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Detroit Dad Deported After 2 Decades, 5 Children in US

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Update: As Rep. Luis Gutierrez told Fusion today:

“Democrats think all they need to do is to simply blame Republicans. You know what? We control the White House and we control the deportation apparatus,” he said. “We have a responsibility to act.”

The Obama White House, more than once, has issued guidelines on prosecutorial discretion that are supposed to protect most undocumented immigrants, de-prioritizing mothers and fathers while focusing enforcement on actual criminals and felons.  The House GOP swears that it’s getting around to immigration legislation, and a statement of “principles“–which will reportedly even address the 11 million–is in the works.  In today’s Republican Party (a wing of which prefers to postpone immigration reform altogether until Obama is no longer president), even that bare minimum is being considered a good sign.

Neither of these facts, however, come nearly close to addressing the human cost of inaction on immigration reform–the reality that, every single day, more than a thousand immigrant families are broken up and separated because a mother, father, or sibling is deported.  Some conservatives argue that such a risk is punishment for coming to the US without papers.  But some punishments can be grotesquely disproportionate, especially when we’re talking about people who just want to take care of their families and contribute to their adopted country.

For just one recent example–one heartbreaking case out of many–read the Detroit Free Press’ new feature on Marco Gonzalez, a Detroit father who was deported December 30 despite having spent 20 years in the US and being the breadwinner for his wife and five US citizen children:

According to court documents and Michigan United, an immigrant advocacy group, Gonzalez arrived in Florida in 1993 after fleeing captivity from rebel forces who had abducted him while he was working in the fields with his father. They placed a sack over his head, held him captive for months in the mountains and put him in a cave for three days — hands bound to feet — when he tried to escape, records show.

Gonzalez ultimately did escape and fled to the U.S., where he sought asylum. Immigration authorities believed his testimony, records show, but his asylum case languished in the court for years while he built a life for his children and Guatemalan wife, whom he met and married here.

In 2011, an immigration judge denied him asylum, concluding Guatemala had become a more peaceful country and that it was safe for Gonzalez to return.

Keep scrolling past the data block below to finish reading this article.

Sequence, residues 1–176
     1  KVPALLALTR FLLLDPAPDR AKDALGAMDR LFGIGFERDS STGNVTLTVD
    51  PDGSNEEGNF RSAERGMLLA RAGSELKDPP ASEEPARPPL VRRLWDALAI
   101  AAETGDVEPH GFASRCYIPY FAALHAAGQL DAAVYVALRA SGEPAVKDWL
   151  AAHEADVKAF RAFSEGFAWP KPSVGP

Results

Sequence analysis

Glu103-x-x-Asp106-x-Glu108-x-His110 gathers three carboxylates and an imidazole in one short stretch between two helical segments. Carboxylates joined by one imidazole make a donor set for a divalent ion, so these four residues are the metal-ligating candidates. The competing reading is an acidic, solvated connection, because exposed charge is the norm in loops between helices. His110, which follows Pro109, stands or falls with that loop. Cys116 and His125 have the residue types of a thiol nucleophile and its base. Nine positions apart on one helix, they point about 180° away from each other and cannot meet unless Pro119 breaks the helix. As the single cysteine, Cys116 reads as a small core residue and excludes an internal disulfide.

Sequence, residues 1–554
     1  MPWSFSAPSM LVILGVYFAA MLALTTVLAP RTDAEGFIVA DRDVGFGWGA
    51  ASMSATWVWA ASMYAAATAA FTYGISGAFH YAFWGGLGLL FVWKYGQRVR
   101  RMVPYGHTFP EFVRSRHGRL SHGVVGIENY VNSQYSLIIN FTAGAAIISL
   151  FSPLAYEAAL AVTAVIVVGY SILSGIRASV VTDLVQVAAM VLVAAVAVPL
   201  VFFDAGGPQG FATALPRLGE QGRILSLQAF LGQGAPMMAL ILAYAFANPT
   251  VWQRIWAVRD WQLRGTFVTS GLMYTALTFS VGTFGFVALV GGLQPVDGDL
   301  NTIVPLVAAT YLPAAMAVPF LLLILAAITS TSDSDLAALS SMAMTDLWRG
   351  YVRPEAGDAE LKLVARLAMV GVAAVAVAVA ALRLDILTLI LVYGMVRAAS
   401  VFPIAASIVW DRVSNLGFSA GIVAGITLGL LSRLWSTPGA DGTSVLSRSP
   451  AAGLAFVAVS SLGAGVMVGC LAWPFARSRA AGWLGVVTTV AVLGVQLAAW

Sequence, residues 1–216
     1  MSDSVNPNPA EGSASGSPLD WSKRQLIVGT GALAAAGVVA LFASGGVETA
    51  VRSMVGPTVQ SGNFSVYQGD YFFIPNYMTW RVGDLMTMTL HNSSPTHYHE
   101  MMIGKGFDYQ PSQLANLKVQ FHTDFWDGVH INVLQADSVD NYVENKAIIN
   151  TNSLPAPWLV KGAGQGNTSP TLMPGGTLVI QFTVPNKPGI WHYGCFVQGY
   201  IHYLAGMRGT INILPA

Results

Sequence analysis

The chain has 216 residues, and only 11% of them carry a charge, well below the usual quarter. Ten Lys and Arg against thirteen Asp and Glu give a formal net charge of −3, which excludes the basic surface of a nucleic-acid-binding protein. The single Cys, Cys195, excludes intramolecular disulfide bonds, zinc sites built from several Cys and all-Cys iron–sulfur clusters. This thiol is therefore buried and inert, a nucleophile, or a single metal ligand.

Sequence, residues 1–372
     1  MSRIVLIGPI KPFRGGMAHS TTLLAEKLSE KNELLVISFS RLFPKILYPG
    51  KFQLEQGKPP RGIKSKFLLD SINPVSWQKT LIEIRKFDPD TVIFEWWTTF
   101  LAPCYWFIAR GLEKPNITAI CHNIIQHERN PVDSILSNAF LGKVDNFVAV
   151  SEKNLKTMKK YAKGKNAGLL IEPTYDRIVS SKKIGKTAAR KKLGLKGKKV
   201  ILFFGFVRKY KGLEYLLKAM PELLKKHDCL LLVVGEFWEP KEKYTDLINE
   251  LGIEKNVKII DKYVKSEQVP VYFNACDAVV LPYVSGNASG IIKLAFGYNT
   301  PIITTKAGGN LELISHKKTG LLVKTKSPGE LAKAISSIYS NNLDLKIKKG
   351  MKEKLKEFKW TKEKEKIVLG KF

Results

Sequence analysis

Asylum request denied, Gonzalez became in danger of deportation, partly thanks to a single bad check written 16 years ago.  Just before the new year, he was forced to pack his bags and say goodbye to his family:

The Gonzalez family did not celebrate Christmas this past year. There was no tree, no presents. Two miniature helicopters sit on top of the TV as reminders of their father, who had given the toy choppers to his kids in Christmas 2012.

The children, ages 4 to 14, can’t eat or sleep. They cry often. And they don’t want to go to school, though they do get joy from their puppy Fluffy, a mix that their father rescued from a nearby scrap yard a week before he was deported.

“I just want my dad back,” said 10-year-old Deker, who curled up next to his mother on the couch and cried as he spoke about missing his father.

Deker said that he learned about his father leaving in September.

“He told us, ‘I only have three months with you left.’ And I said, ‘You’re going to leave us?’ ” said Deker, fighting the tears.

Mijany, 14, the oldest, plays music, watches TV and helps her mother cook to make the time go by. Marco Jr., 8, appears confused and cries often, as does 4-year-old Rosiy and the mother, Oralia, a Guatemalan immigrant who speaks very little English and has no idea how she is going to care for her children. The mom is not a U.S. citizen. She also came to the U.S. as a war refugee in 1994 and has had no issues with immigration authorities since coming here.

Milka appears the angriest.

In the weeks before her father’s deportation, her social studies teacher was teaching the class about immigration. She asked all the students to write a paper on their views about immigration.

Milka wants nothing to do with it.

Pounding her fist into her hand, she said, “I don’t care about school. I just want my dad back. Bring me my dad back.”

Read the full article at the Detroit Free Press here.